The unseasonably warm start to the year could have an impact on the growing season for Japanese knotweed, according to a national trade body.

The invasive non-native weed, which originally comes from Japan where it is a rare species, was imported to Britain in the 19th century and used to strengthen river and railway embankments.

The notorious pest is said to be one of the most robust, damaging and insidious plants in the world.

It lives through winter in the soil and starts to sprout in the warmer temperatures of spring.

But the current weather conditions could push the plant’s growth pattern weeks ahead of its usual development according to experts.

Dr Peter Fitzsimons is the invasive weed control group technical manager of the Property Care Association (PCA) and is keeping a watching brief on the situation.

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He said: “Traditionally the growing season for Japanese knotweed begins in April, with some variation from north to south nationally, but in 2017 there were reports of the plant beginning to grow in March.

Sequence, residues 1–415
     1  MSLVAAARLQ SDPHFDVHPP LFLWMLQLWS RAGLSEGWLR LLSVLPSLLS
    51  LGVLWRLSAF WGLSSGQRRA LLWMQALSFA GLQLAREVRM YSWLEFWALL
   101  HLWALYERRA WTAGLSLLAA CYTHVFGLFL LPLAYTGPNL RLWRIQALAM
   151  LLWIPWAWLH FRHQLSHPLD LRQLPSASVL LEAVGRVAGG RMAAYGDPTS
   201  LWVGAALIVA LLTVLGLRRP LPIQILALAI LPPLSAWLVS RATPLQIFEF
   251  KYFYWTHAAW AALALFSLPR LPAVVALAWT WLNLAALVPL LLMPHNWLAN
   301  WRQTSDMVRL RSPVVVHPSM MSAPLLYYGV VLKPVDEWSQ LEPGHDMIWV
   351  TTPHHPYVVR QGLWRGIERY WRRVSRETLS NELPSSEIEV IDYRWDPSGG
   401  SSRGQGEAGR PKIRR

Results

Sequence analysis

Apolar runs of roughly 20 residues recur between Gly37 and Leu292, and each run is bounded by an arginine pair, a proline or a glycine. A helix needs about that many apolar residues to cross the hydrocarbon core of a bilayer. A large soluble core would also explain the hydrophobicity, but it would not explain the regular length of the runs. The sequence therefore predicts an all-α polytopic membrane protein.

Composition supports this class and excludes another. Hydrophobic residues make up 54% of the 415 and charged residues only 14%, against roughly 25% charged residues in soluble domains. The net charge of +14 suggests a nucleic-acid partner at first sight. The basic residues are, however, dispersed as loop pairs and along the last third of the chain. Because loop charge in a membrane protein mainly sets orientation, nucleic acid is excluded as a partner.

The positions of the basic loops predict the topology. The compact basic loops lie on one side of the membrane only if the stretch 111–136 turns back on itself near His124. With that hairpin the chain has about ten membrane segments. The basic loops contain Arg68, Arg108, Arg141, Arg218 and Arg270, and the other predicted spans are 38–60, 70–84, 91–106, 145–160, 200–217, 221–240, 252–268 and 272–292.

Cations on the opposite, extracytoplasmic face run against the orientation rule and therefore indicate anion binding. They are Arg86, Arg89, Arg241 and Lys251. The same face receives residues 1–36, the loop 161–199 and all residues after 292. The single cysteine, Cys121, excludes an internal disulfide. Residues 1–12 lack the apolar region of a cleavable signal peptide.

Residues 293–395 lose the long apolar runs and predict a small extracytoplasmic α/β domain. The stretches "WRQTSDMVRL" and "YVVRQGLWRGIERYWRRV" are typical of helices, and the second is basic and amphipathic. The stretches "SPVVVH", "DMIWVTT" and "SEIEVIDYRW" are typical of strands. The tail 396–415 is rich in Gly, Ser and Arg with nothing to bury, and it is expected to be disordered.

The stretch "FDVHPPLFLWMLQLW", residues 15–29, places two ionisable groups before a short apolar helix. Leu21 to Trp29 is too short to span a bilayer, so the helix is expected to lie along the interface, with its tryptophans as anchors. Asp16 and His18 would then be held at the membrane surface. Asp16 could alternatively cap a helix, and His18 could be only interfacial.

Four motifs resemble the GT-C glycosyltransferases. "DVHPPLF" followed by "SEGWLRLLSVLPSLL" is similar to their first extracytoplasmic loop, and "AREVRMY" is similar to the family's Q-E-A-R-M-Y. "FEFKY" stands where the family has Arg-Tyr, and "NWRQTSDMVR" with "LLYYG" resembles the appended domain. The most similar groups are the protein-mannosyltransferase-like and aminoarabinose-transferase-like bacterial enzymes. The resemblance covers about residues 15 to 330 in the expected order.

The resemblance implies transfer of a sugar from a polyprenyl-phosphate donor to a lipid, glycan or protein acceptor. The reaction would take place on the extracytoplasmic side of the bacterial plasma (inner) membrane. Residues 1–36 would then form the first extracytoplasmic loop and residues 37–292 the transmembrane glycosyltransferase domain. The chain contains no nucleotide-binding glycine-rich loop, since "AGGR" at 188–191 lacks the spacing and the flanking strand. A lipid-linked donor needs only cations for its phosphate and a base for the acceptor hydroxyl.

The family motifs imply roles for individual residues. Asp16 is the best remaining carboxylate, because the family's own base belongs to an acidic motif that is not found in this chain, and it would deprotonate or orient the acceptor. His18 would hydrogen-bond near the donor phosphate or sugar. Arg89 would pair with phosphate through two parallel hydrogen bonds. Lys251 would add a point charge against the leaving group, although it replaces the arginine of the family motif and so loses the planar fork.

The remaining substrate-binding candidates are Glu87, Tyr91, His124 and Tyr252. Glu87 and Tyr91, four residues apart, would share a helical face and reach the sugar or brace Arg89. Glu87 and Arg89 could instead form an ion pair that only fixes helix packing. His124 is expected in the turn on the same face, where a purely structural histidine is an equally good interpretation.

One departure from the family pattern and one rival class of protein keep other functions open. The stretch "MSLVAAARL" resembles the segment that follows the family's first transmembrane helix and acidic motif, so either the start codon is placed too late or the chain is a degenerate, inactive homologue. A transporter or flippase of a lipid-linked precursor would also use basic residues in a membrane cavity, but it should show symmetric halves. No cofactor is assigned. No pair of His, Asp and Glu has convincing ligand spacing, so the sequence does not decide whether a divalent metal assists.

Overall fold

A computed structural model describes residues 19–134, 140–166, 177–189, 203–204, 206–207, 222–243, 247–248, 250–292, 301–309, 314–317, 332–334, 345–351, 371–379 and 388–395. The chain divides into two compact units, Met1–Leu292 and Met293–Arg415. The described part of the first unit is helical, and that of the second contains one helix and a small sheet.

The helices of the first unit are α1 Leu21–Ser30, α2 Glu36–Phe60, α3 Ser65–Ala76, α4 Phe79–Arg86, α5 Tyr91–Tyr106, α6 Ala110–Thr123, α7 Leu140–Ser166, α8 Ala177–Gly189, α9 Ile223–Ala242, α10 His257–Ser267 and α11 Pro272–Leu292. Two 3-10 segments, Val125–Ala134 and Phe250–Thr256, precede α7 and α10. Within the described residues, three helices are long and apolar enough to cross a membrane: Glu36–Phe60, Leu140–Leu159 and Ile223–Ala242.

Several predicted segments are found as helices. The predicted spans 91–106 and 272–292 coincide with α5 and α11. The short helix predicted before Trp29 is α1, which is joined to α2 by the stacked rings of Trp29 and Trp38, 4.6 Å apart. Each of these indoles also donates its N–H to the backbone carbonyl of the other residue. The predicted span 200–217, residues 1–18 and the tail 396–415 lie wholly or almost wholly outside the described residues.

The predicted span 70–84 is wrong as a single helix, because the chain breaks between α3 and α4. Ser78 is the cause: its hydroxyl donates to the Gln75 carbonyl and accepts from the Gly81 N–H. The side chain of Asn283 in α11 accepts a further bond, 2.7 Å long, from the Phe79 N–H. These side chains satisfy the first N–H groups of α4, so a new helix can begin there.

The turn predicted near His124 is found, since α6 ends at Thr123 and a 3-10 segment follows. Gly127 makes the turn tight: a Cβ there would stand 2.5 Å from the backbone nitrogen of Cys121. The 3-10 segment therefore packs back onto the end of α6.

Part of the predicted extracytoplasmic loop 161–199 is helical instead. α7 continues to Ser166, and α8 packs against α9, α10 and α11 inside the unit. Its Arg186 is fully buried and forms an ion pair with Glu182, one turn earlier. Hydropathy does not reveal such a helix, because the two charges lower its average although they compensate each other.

“The Beast from the East put the growing season last year back to a more normal timeline, but the climate so far is looking like it will provide the type of conditions for Japanese knotweed to take hold earlier again this year.

“Areas where the ground has retained moisture are likely to be particularly attractive to the plant.”

Identification is often difficult as its appearance is very similar to other plants such as common lilac, dogwood, bindweed and several variants of bamboo.

Knotweed can devalue land and property and lead to the refusal of mortgages on properties affected by it.

The PCA, therefore, is urging caution and prompt action in tackling it.

Dr Fitzsimons added: “Japanese knotweed is a nuisance plant because it grows so rapidly, but we know it can be controlled.

“However, its effective eradication is a job for the experts and the earlier that work takes place the better.”